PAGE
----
Validation of digital skills

Validation of digital skills

By Gabriela Ruseva

There are hundreds of thousands of ICT centres, libraries and NGOs where people can learn digital skills. But are the skills acquired through these trainings formally recognised? Do they count for employers and universities and how do people prove them? With a university diploma, we can prove our skills. But what happens when we learn at a non-formal training centre or through volunteering?

These were some of the questions discussed at the Policy debate on validation of non-formal education, organized by EUCIS-LLL and the European Youth Forum on 9th July in Brussels.

Validation is a hot topic in the youth field, especially in the context of youth volunteerism and activism and many of the participants were from youth organisations. Telecentre Europe, Fit4Jobs project partner from Belgium participated at the event to raise the question of validation and recognition of digital skills.

Four steps in validation

European Commission representative Koen Nomden (Skills Unit) spoke about EU initiatives, namely the Council Recommendations on validation of non-formal learning outcomes. The Recommendations ask Member States to set national validation frameworks for non-formal learning before 2018. The main objective of validation is to “enable individuals to obtain qualification on the basis of validating their experience”. There are four steps in validation: identification, documentation, assessment and certification.

Testing your digital skills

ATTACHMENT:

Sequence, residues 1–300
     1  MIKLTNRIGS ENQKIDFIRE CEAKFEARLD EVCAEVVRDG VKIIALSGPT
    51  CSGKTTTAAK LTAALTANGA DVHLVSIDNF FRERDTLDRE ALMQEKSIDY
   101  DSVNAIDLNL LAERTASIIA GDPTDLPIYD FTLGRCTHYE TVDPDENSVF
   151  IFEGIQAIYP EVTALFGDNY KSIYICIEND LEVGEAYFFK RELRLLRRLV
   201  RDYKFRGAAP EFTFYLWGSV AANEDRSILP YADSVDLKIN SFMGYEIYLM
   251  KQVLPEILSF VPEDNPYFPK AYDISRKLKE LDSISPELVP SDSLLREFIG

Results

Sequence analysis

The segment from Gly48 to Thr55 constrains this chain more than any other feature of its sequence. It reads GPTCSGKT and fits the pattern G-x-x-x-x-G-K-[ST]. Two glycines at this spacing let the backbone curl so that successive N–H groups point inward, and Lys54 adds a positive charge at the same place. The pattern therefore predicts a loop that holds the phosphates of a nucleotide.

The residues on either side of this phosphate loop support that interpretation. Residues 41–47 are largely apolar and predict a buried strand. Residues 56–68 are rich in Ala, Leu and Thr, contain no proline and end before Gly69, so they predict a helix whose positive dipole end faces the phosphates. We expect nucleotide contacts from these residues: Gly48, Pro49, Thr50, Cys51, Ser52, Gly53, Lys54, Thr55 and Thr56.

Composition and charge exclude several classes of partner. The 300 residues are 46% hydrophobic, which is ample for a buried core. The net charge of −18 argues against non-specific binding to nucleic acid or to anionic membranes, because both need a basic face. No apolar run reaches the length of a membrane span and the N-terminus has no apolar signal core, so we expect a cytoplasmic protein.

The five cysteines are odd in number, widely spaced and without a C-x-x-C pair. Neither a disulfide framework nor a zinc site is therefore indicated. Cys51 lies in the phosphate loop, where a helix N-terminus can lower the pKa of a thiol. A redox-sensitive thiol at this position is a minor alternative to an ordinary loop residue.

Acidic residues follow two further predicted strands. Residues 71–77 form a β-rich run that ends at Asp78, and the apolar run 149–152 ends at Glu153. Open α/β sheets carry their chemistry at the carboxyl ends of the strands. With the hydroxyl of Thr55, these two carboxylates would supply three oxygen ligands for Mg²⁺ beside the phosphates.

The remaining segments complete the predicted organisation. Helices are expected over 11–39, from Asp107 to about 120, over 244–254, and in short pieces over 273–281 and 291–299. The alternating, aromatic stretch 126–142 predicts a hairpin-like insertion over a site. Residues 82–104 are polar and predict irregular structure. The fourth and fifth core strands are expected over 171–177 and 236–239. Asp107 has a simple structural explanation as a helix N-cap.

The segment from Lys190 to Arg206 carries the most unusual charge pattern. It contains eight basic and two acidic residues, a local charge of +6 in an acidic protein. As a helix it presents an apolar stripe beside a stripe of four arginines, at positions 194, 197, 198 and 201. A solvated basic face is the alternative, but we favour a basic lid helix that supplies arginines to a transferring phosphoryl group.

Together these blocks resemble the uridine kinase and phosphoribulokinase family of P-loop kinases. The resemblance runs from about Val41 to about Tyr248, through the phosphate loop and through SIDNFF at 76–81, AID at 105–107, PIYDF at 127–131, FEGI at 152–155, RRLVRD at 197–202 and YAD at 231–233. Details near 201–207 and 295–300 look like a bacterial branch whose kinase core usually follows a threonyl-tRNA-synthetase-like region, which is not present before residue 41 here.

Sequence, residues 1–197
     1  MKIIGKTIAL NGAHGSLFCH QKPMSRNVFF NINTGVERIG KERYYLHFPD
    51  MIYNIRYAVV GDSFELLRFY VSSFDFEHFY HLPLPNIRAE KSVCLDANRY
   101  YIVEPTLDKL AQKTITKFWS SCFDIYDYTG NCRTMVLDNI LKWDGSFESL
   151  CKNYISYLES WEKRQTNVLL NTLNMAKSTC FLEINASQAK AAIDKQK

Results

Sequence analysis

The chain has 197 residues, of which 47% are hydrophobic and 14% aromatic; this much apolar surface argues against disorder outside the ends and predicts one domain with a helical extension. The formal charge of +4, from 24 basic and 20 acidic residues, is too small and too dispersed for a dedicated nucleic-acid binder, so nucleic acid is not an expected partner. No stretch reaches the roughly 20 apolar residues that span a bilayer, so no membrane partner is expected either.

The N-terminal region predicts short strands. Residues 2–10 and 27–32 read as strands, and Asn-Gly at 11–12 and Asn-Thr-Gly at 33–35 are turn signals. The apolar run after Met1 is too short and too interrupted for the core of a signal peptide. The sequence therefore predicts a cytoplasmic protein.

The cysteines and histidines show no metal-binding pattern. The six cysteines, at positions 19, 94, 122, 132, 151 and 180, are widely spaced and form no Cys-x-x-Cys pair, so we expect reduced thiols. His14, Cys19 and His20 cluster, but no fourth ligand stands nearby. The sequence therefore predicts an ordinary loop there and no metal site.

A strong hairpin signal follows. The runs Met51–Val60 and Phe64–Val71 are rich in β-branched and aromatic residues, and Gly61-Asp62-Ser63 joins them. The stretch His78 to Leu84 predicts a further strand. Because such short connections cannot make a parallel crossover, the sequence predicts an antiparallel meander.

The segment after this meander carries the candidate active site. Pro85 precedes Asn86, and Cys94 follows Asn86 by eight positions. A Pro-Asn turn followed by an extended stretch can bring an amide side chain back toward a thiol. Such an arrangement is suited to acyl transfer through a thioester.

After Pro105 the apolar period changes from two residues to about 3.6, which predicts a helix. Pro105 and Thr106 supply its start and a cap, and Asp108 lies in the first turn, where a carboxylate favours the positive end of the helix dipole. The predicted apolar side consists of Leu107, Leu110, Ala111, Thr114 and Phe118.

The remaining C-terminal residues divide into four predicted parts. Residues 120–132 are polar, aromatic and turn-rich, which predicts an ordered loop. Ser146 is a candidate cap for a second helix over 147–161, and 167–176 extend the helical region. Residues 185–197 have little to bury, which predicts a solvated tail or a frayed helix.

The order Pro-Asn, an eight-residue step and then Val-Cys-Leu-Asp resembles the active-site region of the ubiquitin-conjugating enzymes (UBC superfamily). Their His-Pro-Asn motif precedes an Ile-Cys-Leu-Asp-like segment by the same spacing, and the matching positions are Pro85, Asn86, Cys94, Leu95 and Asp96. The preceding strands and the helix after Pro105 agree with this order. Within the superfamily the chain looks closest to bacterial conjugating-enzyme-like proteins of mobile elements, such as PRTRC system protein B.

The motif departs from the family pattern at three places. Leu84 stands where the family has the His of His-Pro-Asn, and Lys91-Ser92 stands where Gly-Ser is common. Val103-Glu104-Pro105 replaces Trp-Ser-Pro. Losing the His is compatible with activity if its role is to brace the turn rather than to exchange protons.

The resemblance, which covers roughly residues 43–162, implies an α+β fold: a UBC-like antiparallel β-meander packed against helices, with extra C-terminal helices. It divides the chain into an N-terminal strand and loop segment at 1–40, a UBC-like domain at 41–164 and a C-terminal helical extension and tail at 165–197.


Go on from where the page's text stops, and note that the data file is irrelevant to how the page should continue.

Digital skills, just like as language skills, are considered horizontal skills. They do not lead to a specific qualification and occupation. Therefore, they are not validated through the European Qualifications Framework (EQF) through the same formal procedure applied for example for a chef who has cooking skills and who can get his skills tested and receive a formal diploma without going to a professional school.

For digital skills and language skills the EU has developed self-assessment tools, that everyone can use to document their skills. There are two reference frameworks for digital skills – the European Digital Competence Framework DIGCOMP (for users) and the e-Competence framework e-CF (for ICT professionals). Telecentre Europe argues that both frameworks can be related to EQF with DIGCOMP validating skills until level 5 and e-CF between levels 6-8.


Conclusions and EC future plans

At the end of the debate the EC representative summarized EC future plans:

  • The Recommendation on the European Qualification Framework (EQF) will be updated soon. Telecentre Europe will follow the process and advocate to link formal validation with the recognition of digital skills and refer DIGCOMP
  • The EU tools for documenting skills will be modernised and a digital skills portfolio will become part of the EUROPASS documents
  • The EU skills agenda, to be developed early 2016, will be linked to migration and the validation of skills of third country nationals.

For more information on the debate, see EUCIS-LLL report.

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